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New Law Modifies Tax Credits for Building Renovations

The new tax law enacted late last year – the Tax Cuts and Jobs Act (TCJA) – includes a couple of key changes for real estate investors who are planning to renovate their properties. For one thing, the TCJA completely eliminates the rehabilitation ...

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The new tax law enacted late last year – the Tax Cuts and Jobs Act (TCJA) – includes a couple of key changes for real estate investors who are planning to renovate their properties. For one thing, the TCJA completely eliminates the rehabilitation credit, often called the “rehab credit” for short. For another, it reduces the tax benefit of the historic structures credit, although this credit will still be around.

First, here’s some background information about both credits.

1. Rehabilitation credit: The rehab credit was equal to 10% of the cost of qualified expenses of renovating a building placed in service before 1936. To qualify for the 10% credit, the work must have been “substantial” in nature (i.e., expenses over a two-year period exceeded the greater of $5,000 or the adjusted basis of the building and its structural components). Furthermore, the rehabilitation work must have met specific wall retention requirements. Finally, the building had to have been placed in service by the taxpayer before the rehabilitation work was commenced.

For this purpose, “qualified expenses” includes architectural and engineering fees, site survey and development fees, legal expenses, and other construction related costs, as long as they are added to the property’s basis, reasonable in amount and related to services performed.

2. Historic structures credit: With this credit for renovating a building with historic significance, equal to 20% of the cost of qualified expenses, you don’t have to meet strict wall retention rules, as was needed for the rehab credit. However, there are two other key requirements.

  • The building must be listed on the National Register of Historic Places or located in a registered historic district and certified by the Secretary of the Interior as being historically significant.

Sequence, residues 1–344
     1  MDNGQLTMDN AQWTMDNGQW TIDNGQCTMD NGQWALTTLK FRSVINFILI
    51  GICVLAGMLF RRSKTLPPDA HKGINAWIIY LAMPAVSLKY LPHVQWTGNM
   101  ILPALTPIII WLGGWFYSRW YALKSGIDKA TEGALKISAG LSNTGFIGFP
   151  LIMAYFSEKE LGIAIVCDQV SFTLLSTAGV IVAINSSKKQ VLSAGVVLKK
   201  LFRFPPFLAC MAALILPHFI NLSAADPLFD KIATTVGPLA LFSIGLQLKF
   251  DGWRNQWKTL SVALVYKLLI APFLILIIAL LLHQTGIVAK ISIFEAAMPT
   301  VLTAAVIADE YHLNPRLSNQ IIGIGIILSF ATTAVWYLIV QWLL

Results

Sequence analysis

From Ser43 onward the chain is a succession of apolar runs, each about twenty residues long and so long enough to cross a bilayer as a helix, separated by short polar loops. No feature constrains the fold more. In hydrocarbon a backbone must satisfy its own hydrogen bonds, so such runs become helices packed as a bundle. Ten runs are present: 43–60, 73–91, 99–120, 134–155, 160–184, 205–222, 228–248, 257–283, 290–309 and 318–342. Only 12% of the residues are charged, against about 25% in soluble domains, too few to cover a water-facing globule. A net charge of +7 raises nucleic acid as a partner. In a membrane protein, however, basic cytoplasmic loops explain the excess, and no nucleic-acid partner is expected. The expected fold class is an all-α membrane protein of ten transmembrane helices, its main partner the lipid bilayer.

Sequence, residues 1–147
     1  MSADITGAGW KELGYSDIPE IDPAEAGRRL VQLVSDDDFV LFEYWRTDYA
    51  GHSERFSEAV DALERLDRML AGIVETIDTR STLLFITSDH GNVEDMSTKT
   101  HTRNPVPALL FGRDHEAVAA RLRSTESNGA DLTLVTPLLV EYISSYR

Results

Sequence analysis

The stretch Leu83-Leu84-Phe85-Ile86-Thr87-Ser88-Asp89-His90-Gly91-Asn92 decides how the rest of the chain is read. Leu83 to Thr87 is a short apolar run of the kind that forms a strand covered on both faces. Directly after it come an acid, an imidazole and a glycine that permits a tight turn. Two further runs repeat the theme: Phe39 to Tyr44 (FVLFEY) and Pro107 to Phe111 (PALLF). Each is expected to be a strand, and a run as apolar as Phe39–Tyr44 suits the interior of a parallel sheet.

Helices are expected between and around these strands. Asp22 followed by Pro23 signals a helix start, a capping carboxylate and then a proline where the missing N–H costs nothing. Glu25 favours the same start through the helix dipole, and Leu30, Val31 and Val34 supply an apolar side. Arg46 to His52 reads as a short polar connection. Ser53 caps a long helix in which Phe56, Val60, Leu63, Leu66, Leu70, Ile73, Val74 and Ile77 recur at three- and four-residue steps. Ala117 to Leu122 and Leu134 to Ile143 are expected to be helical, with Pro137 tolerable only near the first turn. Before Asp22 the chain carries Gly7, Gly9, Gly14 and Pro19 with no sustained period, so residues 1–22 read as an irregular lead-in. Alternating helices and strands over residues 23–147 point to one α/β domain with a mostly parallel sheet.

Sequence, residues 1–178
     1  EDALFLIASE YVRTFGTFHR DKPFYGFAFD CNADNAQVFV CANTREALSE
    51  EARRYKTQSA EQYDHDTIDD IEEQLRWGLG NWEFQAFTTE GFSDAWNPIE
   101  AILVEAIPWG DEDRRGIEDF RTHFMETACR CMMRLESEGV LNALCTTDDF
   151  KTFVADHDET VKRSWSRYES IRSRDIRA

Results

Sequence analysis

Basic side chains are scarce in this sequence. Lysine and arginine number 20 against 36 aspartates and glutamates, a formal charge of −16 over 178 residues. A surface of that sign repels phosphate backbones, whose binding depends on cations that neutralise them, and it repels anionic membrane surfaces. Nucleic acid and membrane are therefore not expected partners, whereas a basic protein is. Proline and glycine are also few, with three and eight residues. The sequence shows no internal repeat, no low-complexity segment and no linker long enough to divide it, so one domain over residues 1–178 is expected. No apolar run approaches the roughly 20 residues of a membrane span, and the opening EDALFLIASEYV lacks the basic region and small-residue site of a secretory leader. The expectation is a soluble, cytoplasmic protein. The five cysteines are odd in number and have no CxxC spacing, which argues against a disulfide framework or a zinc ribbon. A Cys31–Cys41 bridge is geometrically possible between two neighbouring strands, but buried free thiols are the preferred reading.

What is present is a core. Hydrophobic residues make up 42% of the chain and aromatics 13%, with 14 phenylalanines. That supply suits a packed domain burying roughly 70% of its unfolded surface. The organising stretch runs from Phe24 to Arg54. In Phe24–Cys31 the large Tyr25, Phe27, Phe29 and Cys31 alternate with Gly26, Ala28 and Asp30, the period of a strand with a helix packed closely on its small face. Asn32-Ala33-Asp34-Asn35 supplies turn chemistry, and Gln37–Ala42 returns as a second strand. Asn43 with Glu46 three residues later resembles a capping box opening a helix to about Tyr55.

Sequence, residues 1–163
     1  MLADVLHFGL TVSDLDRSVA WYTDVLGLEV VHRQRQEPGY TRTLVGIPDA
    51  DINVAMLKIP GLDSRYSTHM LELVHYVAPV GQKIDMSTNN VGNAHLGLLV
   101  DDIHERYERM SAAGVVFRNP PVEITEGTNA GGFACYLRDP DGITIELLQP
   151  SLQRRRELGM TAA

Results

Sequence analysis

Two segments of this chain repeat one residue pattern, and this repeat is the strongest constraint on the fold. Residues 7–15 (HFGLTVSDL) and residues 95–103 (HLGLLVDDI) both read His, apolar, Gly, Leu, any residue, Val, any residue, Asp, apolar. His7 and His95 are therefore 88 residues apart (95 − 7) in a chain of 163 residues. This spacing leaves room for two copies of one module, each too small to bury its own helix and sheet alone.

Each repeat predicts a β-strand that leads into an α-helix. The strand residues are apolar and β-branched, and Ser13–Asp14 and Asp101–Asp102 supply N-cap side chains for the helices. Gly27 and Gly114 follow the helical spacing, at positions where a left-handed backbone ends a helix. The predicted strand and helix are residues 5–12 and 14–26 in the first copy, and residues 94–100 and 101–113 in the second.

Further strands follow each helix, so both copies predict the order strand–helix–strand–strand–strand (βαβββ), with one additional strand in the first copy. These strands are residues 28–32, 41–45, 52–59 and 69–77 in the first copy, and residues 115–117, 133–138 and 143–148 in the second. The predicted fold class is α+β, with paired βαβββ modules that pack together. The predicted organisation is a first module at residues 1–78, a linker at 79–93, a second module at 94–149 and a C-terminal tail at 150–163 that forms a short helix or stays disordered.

• The rehabilitation work must also be certified. This means the finished product must retain the original historic character (but not necessarily the original use) of the building.

Despite these obstacles, more buildings may qualify for the credit than you might think. It’s not limited to birthplaces or childhood homes of presidents or mansions owned by the rich-and-famous. At last check, more than 92,000 buildings were listed on the national register.

New law changes: The TCJA repeals the 10% rehab credit for expenses incurred after 2017. (Note that certain complex transitional rules may apply.) At the same time, the 20% historic structures credit is retained, but now it must be claimed ratably over five years. This dilutes the tax payoff for real estate investors.

For example, suppose a taxpayer spends $1 million in 2018 to update a brownstone or row house in an historic part of a downtown area. As a result, the taxpayer is eligible for a $200,000 credit overall, but a $40,000 credit must be claimed in each of five successive years. In effect, the 20% credit is reduced to a 4% credit that is taken each year over a five-year period.

Undoubtedly, your clients may be less inclined to sink a boatload of money into building renovations if it will take half a decade to fully recoup the tax benefits, instead of receiving instant tax gratification. What’s more, the repeal of the 10% rehab credit will further discourage upgrades of buildings that don’t qualify as historic structures. Discuss the pros and cons with clients before they proceed with their plans.